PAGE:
Jo Lockwood is a National Parks Ranger who has recently taken up a new job at a newly-declared State Forest in north-western NSW. The solitary life doesn’t much bother her, she enjoys her own company and the peacefulness that comes from working with nature. That peace is shattered when she discovers the dead body of a man who has been brutally tortured not far off a walking track.
Detective Nick Matheson is also starting a new job. He’s a former undercover officer who was involved in a scandal when an operation went wrong and now he finds himself in a supposedly quiet area in northern NSW where the peace is disrupted by Jo’s discovery of a body. Nick is immediately suspicious about certain things about the murder and crime scene – to him this doesn’t look like a once off. It isn’t long before they dig up some links to an unsolved murder on the Mid North Coast of NSW and some whispers of an infiltrating overseas group.
Jo and Nick realise before long that it seems Jo may have inadvertently spoken to the leader of this organisation and because of that, could identify him. Her life is now in great danger and Nick wants to protect her. Jo is determined not to leave the area though, consenting to police protection in her own house but the bodies keep coming and before long Jo realises that this danger is not going to go away until one of them – her or the leader – is dead.
Dead Heat is the latest novel from Bronwyn Parry and it had been on my radar for a little while. I’d seen some good reviews and I do love a good suspenseful mystery. When I finally got my hands on it by way of my local library, I was definitely not disappointed. Dead Heat opens with a bang with Jo discovering the body of a dead man that, they later discover, has been tortured horribly before finally being shot.
I’ve been reading a lot of rural lit lately, a genre that I have mentioned before on the blog as gaining a lot in popularity in recent times. Usually they’re set on farms and although I’d include this in the broad spectrum of rural lit there are a few differences. The setting is undeniably rural, deep in north-western NSW in a made-up town that sounds suspiciously like a couple of real towns, name-wise. A large area has just been given over to official National Park status and it’s Jo’s job to keep law and order around the various camp grounds, walking tracks and also to supervise backburning and/or the putting out of deliberately or accidentally lit fires with the support of the CFA (Country Fire Authority). There’s a lot of appreciation for the land in this book, Jo in particular has a real affinity for it and it’s clear she loves her job. She suffered a trauma in recent times and she’s moved location to perhaps escape the memories. She seems very comfortable in her own company either at home or out in the bush, alone out there with only her camera.
In terms of characterisation, I felt that both Nick and Jo were very strong. Nick comes from a very poor and violent background, dragged himself out of it and made detective in the police force, going into some very dangerous undercover operations. He has an inner strength and discipline that is necessary for his job, that has allowed him to do things for his work. He has played many roles and sometimes feels as though it is hard to be just ‘Nick’ and that people are wary of him because of the rumours and scandal that has surrounded him.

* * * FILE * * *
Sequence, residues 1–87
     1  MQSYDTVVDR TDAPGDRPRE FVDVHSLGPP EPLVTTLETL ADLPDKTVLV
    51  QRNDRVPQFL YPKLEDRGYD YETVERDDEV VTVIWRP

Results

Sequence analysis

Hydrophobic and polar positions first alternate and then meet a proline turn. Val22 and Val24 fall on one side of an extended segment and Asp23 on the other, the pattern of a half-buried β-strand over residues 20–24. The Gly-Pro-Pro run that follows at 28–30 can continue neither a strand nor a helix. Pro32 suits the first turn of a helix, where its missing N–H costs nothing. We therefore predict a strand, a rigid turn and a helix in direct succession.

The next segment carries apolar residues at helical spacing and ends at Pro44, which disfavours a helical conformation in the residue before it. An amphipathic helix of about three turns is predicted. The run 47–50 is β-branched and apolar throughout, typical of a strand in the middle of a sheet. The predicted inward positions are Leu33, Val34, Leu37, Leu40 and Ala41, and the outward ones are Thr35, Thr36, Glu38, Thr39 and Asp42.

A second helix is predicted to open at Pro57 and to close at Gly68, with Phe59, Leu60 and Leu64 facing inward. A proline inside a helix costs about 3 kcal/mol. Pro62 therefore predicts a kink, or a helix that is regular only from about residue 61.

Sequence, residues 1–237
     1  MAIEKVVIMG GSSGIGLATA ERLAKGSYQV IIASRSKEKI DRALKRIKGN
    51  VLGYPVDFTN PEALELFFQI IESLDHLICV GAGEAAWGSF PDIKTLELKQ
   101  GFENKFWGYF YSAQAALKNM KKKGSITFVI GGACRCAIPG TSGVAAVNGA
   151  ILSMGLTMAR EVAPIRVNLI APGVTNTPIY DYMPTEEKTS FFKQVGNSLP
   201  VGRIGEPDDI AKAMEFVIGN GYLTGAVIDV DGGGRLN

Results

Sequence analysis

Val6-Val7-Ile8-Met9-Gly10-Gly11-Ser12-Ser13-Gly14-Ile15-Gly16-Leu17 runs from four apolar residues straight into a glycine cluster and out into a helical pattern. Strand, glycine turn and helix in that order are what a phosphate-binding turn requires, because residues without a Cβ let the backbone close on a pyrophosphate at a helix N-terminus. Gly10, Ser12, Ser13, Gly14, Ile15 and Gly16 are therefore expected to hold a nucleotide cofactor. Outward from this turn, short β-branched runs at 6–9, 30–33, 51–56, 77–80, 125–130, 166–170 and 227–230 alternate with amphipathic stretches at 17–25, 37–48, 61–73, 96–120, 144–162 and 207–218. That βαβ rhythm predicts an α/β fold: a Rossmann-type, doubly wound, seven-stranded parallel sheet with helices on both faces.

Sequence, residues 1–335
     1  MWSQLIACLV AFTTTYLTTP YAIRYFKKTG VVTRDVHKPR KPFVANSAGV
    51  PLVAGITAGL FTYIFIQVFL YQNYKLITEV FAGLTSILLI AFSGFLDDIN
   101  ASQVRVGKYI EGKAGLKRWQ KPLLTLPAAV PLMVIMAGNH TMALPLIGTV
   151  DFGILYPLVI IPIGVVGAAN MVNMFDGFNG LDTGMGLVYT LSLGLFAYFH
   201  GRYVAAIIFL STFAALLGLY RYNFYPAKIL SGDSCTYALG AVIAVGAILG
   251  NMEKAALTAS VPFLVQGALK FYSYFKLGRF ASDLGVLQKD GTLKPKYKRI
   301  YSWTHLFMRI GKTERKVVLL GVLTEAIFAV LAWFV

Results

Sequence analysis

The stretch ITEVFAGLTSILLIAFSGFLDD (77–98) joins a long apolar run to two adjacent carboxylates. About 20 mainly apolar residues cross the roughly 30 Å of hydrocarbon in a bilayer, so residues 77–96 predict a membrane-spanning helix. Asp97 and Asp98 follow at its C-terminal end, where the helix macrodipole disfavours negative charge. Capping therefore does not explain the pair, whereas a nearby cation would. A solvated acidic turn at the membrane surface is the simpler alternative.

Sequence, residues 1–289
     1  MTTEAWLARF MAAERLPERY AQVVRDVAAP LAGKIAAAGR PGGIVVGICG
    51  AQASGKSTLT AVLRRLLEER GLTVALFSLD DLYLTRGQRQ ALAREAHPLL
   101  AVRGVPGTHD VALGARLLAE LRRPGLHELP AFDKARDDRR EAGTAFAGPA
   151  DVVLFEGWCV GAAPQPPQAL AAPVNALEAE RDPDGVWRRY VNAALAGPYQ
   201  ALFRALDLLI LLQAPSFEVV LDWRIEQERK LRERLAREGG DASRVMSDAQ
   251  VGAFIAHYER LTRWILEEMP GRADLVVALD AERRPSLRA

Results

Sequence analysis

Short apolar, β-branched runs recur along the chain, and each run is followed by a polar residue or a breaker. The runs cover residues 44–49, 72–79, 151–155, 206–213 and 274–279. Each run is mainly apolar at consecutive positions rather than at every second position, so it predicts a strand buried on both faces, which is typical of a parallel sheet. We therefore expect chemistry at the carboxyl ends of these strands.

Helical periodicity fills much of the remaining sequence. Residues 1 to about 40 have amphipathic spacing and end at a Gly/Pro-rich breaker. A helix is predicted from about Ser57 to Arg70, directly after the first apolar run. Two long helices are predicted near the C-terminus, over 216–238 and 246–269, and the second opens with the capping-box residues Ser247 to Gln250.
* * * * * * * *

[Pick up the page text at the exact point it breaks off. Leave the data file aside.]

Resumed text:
There is an element of romance in this book but it remains mostly in the background. There’s an immediate attraction between Nick and Jo but both of them work hard to suppress it. The story of the murders and who is behind them is always first and the most important part of the book. Parry takes a long time to build her story, carefully fleshing out details and weaving an intricate crime web that is quite impressive! Nick and Jo spend a lot of time together under the guise of Nick protecting Jo from a very real danger and I appreciated that – they get to know each other with Nick being able to relax himself just a bit and actually talk to someone as his own person, rather than just a character he has undertaken in order to complete a job. Both of them have had some pain in their past and they aren’t sure they can see a future together, given Nick’s job. They talk about things, primarily the case and I thought that Nick sharing things with her and Jo sharing things that she finds out, was very refreshing. All too often I read mystery/crime novels where the characters all keep secrets from each other, presumably to draw out the suspense and lengthen the time until things are solved which usually only serves to frustrate me! I appreciated this novel because the criminal is identified early on into the story and the book then revolves around actually catching him.
Dead Heat was a wonderful read – it drew me in right from the beginning and kept me intrigued all the way. It’s Bronwyn Parry’s third novel and I’ll definitely be tracking down her previous two to read as well because I very much enjoyed the way she writes. I also enjoyed the unique setting, showcasing the lovely natural bush that can be found in much of the north of my home state.
Book #70 of 2012
Dead Heat qualifies for my 2012 Australian Women Writers Challenge. It’s the 23rd book completed so far.